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Heterotopic abdominal heart transplantation in rats for functional studies of ventricular unloading.
MedLine Citation:
PMID:  22520576     Owner:  NLM     Status:  Publisher    
INTRODUCTION: Chronic changes in mechanical load regulate long-term cardiac function. Chronic overload of the ventricle results in myocardial failure. Clinical use of ventricular assist devices shows that chronic reduction in load has a number of different consequences on the myocardium, including beneficial reverse remodeling as well as undesired remodeling (e.g., myocardial atrophy and fibrosis, both of which could have negative functional implications). The complex response to mechanical unloading necessitates reproducible animal models of mechanical unloading for use in the laboratory. This article aims to describe the operative technique of two animal models of mechanical unloading in detail, to enable the reproducible use of these animal models. METHODS: In 1964, Abbott et al first described the heterotopic abdominal heart transplantation technique as a means to study the biology of transplanted cardiac grafts. This involves an aorto-aortic anastomosis and a pulmonary artery to inferior vena cava anastomosis. In this model, the left ventricle is virtually completely volume unloaded, receiving only thebesian venous return, and substantially but not entirely pressure unloaded. In this report we describe two refined techniques for mechanical unloading of healthy or failing hearts based on experience with over 500 operations. RESULTS: We describe an operative technique, including cardioprotective strategies, that provides a model of mechanical unloading with no immunological rejection and allows measurements of parameters of myocardial structure and function for many months. We describe a refined technique that achieves a lesser degree of left ventricular volume unloading, involving transplantation of both heart and lungs via a single aorto-aortic anastomosis. CONCLUSIONS: This article is the first to describe these two techniques in sufficient detail to enable novices to attempt and understand these operations and the differences between them. The technique we describe provides an effective and reproducible model of complete and partial mechanical unloading.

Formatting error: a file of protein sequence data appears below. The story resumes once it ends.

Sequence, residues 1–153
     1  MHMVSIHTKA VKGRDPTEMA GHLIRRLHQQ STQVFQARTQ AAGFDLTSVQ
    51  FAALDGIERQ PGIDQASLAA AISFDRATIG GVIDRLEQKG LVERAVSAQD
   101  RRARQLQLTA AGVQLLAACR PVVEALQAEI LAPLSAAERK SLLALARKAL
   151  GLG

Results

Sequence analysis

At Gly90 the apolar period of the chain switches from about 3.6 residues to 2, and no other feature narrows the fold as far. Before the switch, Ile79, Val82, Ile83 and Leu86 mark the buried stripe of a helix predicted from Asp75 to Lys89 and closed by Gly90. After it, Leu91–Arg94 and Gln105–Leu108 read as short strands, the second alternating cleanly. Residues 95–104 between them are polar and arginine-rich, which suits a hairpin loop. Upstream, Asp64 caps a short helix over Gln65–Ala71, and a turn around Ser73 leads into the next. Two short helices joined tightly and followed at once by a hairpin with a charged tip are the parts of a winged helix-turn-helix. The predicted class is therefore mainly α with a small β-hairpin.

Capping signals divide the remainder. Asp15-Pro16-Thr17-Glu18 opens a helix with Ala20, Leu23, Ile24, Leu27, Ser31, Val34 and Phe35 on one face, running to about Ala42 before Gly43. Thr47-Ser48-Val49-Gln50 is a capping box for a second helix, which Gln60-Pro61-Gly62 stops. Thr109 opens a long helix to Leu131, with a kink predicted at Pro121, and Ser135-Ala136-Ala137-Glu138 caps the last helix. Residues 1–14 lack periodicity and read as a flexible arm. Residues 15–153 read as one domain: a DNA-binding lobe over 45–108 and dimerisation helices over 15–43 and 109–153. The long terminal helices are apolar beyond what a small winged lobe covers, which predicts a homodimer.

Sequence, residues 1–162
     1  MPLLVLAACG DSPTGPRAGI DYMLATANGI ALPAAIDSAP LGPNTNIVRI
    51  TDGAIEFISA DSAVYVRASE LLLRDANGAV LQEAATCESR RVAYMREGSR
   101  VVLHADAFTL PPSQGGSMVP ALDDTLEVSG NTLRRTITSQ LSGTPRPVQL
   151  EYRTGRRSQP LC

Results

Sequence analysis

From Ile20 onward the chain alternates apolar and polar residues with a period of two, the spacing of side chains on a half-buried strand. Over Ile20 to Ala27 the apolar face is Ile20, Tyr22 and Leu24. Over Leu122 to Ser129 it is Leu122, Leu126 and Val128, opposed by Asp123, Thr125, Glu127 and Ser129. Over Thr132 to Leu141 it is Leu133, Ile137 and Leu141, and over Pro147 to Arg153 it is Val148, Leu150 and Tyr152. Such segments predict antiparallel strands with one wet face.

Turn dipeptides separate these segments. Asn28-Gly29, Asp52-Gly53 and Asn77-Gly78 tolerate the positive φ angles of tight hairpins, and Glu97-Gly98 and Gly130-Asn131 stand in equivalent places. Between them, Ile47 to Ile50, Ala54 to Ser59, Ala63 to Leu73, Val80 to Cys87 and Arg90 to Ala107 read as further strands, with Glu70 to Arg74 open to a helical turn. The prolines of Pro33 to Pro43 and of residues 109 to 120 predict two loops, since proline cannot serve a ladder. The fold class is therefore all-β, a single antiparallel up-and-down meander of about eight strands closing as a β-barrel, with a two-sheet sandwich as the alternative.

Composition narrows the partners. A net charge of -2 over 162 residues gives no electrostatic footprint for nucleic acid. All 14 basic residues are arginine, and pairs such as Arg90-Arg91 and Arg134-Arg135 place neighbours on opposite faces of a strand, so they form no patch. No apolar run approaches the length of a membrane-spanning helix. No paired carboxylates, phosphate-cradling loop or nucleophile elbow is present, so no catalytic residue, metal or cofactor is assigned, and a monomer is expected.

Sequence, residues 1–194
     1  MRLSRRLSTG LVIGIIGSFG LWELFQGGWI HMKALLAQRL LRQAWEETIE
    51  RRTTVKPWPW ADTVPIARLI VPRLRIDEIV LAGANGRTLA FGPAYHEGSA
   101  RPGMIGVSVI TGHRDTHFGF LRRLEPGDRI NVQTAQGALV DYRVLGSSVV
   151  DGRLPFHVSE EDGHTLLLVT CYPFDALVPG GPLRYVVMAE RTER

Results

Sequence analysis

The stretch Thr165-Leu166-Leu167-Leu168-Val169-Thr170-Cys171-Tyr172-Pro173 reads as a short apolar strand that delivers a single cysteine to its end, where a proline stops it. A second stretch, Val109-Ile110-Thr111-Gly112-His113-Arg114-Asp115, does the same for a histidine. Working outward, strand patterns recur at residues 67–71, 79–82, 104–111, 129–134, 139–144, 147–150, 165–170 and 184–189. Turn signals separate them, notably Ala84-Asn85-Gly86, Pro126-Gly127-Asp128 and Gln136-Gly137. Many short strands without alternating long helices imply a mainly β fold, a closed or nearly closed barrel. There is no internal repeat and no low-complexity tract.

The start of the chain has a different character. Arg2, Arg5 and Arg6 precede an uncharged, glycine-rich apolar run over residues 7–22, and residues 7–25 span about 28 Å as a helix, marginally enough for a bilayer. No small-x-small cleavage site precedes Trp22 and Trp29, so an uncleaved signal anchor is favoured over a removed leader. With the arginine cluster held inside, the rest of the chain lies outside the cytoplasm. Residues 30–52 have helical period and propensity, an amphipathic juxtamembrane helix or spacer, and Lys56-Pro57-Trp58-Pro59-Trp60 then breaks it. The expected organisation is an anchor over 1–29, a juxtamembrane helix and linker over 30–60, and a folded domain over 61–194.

Michael Ibrahim; Manoraj Navaratnarajah; Punam Kukadia; Christopher Rao; Urszula Siedlecka; James E Cartledge; Gopal K Soppa; Carin Van Doorn; Magdi H Yacoub; Cesare M Terracciano
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Publication Detail:
Type:  JOURNAL ARTICLE     Date:  2012-4-1
Journal Detail:
Title:  The Journal of surgical research     Volume:  -     ISSN:  1095-8673     ISO Abbreviation:  -     Publication Date:  2012 Apr 
Date Detail:
Created Date:  2012-4-23     Completed Date:  -     Revised Date:  -    
Medline Journal Info:
Nlm Unique ID:  0376340     Medline TA:  J Surg Res     Country:  -    
Other Details:
Languages:  ENG     Pagination:  -     Citation Subset:  -    
Copyright Information:
Copyright © 2012 Elsevier Inc. All rights reserved.
Laboratory of Cell Electrophysiology, Harefield Heart Science Centre, Imperial College London, London UB9 6JH, United Kingdom.
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